January 03, 2005
DeLay rule rescinded

Well, well, well. Sometimes outrage gets results.

House Republicans suddenly reversed course Monday, deciding to retain a tough standard for lawmaker discipline and reinstate a rule that would force Majority Leader Tom DeLay to step aside if indicted by a Texas grand jury.

The surprise dual decisions were made by Speaker Dennis Hastert and by DeLay who asked GOP colleagues to undo the extreme act of loyalty they handed him in November. Then, Republicans changed a party rule so DeLay could retain his leadership post if indicted by the grand jury in Austin that charged three of the Texas Republican's associates.

When Republicans began their closed-door meeting Monday night, leaders were considering a rules change that would have made it tougher to rebuke a House member for misconduct. The proposal would have required a more specific finding of ethical violations.

Republicans gave no indication before the meeting that the indictment rule would be changed. Even more surprising was DeLay's decision to make the proposal himself.

Jonathan Grella, a DeLay spokesman, said DeLay still believed it was legitimate to allow a leader to retain his post while under indictment. But Grella said that by reinstating the rule that he step aside, DeLay was "denying the Democrats their lone issue. Anything that could undermine our agenda needs to be nipped in the bud."

Grella said Republicans did not know that DeLay would make the proposal. "He was doing some thinking and this was the conclusion he came to," the spokesman said.

Hastert made the proposal to retain the current standards of conduct.

Rep. Mark Kirk, R-Ill., said, "It's a mark of a leader to take a bullet for the team and not for the team to take a bullet for the leader. I'm very glad we decided to stick with the rules."

Hastert spokesman John Feehery said that a change in standards of conduct "would have been the right thing to do but it was becoming a distraction."

Brendan Daly, spokesman for House Democratic Leader Nancy Pelosi, said Republicans pulled back on the discipline rule because "the issue simply became too hot for them to handle."

Democrats on Monday toughened their own indictment rule. Previously, only committee chairmen were required to step aside if indicted. Now, the same rule applies to House Democratic leaders.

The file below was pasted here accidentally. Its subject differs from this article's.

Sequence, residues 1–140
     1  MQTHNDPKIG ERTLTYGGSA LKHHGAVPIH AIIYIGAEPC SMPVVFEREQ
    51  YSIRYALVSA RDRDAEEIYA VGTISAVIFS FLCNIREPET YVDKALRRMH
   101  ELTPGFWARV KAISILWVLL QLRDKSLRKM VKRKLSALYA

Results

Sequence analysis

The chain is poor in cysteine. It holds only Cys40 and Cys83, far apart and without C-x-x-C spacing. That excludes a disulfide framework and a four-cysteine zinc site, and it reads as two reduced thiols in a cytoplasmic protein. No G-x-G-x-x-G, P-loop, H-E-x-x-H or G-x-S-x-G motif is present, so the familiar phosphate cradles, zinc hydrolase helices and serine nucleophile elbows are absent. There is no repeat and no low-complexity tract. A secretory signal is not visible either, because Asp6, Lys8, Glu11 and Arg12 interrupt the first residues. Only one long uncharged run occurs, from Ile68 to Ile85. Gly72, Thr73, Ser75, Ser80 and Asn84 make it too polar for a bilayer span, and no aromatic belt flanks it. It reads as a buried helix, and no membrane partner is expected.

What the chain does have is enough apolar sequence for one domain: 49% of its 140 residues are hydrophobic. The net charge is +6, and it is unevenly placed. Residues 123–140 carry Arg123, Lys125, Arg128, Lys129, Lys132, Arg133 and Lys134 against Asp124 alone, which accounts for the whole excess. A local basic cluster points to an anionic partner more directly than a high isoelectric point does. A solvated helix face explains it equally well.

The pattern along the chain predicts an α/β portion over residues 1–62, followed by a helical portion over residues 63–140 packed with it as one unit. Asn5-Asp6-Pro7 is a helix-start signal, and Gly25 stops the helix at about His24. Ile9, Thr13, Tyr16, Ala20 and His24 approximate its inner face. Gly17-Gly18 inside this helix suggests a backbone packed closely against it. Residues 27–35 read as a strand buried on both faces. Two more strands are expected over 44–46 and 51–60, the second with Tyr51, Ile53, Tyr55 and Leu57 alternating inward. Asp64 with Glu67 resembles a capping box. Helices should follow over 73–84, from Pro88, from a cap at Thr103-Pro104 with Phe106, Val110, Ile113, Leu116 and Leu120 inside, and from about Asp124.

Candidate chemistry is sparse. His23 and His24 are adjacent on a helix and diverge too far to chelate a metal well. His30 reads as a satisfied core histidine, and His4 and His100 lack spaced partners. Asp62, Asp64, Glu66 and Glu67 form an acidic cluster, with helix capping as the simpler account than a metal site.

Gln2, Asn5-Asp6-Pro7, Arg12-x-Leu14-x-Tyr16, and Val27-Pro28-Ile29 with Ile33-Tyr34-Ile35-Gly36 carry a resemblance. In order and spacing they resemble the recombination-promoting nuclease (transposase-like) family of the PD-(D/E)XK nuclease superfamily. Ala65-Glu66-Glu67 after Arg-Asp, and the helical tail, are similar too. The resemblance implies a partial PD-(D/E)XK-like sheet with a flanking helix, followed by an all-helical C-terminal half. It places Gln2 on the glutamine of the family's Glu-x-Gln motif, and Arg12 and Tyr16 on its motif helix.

Congressional watchdog groups joined House Democrats in opposition to a change, saying any such move would be for one purpose: to protect DeLay.

"All of this is designed to make one man truly above the law," said Melanie Sloan of Citizens for Responsibility and Ethics in Washington.

Tom Fitton, president of Judicial Watch, said, "Tom DeLay is a poster boy for ethics problems in the House."

The Republicans had taken a lot of well-deserved criticism for their arrogant attempt to separate consequences from actions - from Houston to Washington (the state as well as the District), Florida to Minnesota and back to Florida again, and a twofer in Colorado. Despite all that, I'm still amazed they caved. May this be the beginning of a trend.

I like Josh Marshall's wrapup.

So the DeLay Rule is no more? After all the trouble of getting Republican bankbenchers to walk the plank in support of the thing? We've put some good bit of time into putting together our gallery of DeLay Rule Letter-Writer letters to constituents with all their mannered and far-fetched explanations for why they voted for the thing. And now this? The rug is pulled out of under them?

Oh the humanity ...


(Several editorial links courtesy of The Daily DeLay.)

UPDATE: Here's the Chron story, plus coverage from the NYT and WaPo.

Posted by Charles Kuffner on January 03, 2005 to Scandalized! | TrackBack